speed, they need to be able to recruit people quite quickly. Yes,


that's it. In many ways that was a dividing line in the EU referendum.


The boss class, employers, wanting higher net inward immigration


because of cheaper Labour and workers who feel their wages have


been depressed because of migration to the UK. The Guardian, Theresa May


refuses to guarantee Brexit alleges, saying the extra money for the NHS


which was talked about rather controversially at the time, and


also these warnings from Japan and the United States, still saying this


is not going to do you any good if you leave the single market. There


is still a lot of uncertainty around what Brexit really means, and I


think it is a key issue. The Australian style points system, the


?100 million extra each week from the US if we left the EU, and cuts


the energy bills, all pledges made by the Leave campaign. He told the


British public this is what you can do if you vote for Brexit but of


course the Leave campaign were not the government and now Theresa May


is making pretty clear she is not necessarily going to accept pledges


made by leave campaigners. And the ?100 million was a net figure, the


number on the side of the bus which we will never forget was ?350


million. The Prime Minister can point to the fact that the CBI for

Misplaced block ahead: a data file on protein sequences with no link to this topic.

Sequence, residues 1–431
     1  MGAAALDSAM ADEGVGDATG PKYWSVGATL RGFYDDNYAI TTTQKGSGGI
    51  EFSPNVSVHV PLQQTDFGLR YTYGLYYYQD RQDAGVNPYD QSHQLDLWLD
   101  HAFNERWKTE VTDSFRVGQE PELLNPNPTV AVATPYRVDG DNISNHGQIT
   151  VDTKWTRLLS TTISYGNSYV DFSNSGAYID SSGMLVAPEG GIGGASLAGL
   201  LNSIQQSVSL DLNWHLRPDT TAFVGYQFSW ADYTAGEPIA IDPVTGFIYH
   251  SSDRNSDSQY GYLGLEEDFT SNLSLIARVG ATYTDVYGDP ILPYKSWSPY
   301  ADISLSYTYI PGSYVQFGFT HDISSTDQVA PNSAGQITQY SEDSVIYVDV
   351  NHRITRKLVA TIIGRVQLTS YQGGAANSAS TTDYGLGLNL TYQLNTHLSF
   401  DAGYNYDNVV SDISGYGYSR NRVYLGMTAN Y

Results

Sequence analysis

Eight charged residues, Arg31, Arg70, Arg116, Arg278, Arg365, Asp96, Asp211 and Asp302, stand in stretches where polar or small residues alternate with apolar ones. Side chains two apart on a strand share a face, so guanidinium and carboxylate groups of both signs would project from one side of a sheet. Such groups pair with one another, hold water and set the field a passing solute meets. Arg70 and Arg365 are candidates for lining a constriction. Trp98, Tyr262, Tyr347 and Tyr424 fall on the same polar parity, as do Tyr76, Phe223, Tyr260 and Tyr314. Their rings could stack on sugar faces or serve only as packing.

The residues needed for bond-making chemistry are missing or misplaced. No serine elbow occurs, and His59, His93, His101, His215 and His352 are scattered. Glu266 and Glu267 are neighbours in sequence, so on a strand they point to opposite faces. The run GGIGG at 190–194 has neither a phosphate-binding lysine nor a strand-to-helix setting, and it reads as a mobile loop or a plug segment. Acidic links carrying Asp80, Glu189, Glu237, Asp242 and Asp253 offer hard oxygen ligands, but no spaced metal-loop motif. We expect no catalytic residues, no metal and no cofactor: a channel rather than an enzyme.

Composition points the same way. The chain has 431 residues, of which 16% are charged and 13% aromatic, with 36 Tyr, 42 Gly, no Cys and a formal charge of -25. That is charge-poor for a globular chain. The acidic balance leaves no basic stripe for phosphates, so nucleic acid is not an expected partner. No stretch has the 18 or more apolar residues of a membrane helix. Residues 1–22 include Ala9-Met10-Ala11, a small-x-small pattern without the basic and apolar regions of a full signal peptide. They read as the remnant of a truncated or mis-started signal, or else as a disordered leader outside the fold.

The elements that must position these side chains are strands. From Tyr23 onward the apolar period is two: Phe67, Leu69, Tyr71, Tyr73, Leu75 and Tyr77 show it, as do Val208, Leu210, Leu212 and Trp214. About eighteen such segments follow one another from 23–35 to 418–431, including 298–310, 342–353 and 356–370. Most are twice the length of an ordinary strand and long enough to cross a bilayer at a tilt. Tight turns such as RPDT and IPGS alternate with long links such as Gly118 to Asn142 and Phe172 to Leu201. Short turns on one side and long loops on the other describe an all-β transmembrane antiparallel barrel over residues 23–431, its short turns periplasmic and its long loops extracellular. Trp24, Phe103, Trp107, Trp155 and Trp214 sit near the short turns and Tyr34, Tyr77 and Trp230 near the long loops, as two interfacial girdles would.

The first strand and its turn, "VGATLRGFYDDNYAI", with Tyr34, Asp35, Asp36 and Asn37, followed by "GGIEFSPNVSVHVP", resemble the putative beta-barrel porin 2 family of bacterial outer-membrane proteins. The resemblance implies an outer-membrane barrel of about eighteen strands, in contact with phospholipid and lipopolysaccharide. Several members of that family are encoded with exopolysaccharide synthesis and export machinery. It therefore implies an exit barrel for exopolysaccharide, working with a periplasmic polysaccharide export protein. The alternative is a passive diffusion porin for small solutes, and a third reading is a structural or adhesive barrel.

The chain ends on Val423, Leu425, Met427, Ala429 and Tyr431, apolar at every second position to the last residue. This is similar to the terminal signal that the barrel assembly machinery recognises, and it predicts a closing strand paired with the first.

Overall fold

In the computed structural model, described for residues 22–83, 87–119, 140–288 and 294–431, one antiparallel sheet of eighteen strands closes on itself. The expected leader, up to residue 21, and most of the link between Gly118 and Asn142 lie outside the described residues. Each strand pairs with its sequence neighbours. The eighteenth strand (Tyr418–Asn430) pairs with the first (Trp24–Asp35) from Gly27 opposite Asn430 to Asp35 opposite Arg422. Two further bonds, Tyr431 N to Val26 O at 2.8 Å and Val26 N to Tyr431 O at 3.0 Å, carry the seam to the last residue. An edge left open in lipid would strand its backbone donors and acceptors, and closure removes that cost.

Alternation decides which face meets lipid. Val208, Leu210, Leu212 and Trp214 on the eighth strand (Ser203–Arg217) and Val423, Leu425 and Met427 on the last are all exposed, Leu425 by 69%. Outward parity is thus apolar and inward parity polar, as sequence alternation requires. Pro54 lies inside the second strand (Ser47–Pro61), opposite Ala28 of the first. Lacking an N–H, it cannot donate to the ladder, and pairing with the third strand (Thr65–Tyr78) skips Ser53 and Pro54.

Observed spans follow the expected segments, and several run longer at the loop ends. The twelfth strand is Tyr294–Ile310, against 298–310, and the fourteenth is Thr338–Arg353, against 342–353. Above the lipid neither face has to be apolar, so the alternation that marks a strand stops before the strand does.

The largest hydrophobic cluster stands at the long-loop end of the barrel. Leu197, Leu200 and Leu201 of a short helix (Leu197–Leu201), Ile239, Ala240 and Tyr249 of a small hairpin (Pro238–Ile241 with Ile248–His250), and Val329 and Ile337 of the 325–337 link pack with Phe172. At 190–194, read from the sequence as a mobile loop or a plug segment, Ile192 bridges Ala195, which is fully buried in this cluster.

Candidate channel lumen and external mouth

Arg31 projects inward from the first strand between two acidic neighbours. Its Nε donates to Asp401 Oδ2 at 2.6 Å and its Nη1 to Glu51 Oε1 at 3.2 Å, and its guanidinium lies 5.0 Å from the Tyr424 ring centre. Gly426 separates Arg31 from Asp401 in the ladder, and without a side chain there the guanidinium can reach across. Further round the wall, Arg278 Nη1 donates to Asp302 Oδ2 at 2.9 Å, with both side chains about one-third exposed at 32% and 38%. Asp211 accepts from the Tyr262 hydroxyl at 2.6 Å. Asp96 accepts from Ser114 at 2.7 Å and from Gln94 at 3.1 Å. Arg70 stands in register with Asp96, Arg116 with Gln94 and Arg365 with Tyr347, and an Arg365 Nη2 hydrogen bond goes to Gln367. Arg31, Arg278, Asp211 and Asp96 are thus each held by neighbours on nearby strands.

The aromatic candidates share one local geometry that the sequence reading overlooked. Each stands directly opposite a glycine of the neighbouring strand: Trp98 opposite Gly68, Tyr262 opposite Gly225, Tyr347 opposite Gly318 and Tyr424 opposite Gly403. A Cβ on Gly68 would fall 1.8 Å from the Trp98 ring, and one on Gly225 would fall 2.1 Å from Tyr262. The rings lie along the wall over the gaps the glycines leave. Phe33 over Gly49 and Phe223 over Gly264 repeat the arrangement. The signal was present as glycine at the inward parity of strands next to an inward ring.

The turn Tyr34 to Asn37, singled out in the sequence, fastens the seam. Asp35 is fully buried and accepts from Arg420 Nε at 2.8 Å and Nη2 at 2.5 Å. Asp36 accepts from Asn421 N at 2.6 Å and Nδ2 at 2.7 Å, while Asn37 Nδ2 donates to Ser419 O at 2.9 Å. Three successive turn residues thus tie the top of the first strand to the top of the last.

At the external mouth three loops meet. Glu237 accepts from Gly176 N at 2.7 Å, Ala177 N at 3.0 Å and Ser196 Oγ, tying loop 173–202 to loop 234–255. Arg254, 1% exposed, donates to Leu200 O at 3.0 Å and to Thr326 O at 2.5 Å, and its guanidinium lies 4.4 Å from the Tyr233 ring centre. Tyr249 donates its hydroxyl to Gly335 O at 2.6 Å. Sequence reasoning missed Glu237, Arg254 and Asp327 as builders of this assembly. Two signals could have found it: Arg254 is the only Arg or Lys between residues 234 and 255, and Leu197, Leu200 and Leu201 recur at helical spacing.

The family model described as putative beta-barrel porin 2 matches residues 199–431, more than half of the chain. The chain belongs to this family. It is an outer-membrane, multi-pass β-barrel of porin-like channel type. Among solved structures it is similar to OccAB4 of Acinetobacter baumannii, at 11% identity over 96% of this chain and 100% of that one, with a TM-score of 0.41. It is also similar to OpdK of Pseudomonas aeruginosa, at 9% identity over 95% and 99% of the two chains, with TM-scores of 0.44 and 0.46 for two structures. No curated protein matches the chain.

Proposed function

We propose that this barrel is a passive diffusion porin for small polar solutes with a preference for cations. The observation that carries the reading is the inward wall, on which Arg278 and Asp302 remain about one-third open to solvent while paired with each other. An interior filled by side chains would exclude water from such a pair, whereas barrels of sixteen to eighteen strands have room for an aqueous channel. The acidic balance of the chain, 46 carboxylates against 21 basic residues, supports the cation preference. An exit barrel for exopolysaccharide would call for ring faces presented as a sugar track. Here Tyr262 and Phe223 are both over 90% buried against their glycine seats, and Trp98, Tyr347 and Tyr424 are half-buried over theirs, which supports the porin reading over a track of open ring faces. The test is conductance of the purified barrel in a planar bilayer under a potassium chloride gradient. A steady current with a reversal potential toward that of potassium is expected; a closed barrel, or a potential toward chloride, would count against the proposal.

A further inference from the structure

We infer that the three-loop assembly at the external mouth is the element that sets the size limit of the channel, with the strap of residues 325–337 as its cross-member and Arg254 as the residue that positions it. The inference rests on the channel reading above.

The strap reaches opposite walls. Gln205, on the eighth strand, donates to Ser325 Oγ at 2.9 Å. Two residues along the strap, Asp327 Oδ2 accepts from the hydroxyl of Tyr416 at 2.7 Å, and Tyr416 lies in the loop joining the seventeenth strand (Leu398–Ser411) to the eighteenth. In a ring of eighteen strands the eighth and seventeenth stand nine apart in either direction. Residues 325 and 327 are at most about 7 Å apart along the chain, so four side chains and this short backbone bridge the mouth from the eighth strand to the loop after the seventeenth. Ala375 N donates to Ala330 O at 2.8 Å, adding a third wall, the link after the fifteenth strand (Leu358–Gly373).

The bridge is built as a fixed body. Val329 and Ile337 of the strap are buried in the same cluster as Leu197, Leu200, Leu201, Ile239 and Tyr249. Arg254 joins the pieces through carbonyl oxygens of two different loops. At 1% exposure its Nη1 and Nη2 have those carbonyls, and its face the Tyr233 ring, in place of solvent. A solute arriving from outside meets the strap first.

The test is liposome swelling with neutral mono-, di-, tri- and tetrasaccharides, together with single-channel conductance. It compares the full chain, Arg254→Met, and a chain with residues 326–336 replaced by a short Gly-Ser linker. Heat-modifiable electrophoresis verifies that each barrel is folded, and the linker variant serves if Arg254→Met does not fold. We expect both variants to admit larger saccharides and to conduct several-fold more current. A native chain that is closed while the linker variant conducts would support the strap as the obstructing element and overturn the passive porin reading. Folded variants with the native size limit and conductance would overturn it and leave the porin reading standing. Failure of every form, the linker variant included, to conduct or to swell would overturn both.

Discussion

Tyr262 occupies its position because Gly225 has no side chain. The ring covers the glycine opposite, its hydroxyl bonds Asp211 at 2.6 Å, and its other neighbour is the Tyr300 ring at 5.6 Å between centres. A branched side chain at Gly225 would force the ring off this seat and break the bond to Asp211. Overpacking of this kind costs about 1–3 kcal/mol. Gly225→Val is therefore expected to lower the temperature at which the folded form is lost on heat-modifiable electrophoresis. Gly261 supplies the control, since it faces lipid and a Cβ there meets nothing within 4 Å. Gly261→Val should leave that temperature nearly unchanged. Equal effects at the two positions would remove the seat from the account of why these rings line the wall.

example is saying that businesses are doing very well. The value of


the pound has fallen. Yes, you can look at the FTSE, doing very well.


The reality is, jobs and actual real-world economic activity in this


country, and whether over the long-term that will continue. I


think that has always been a concern for people so we will see what


happens with growth and unemployment. But the question in


terms of the guarantee, she has a very difficult thing to do. She is


trying to deliver on mutually exclusive and contradictory promises


on the part of the campaign. So very difficult choices to make them. And


on this subject, the Daily Express, no fear over EU exit, she has been


warned off watering down a deal with Brussels but a deal has to be


negotiated. It is not necessarily what written what is, it is what


other people are prepared to give us -- what Britain wants. She is


optimistic and looking at the benefits and lots of up the


statements, but not a lot of detail. I think that at the moment that is


something which increasingly we are going to see business asking for. We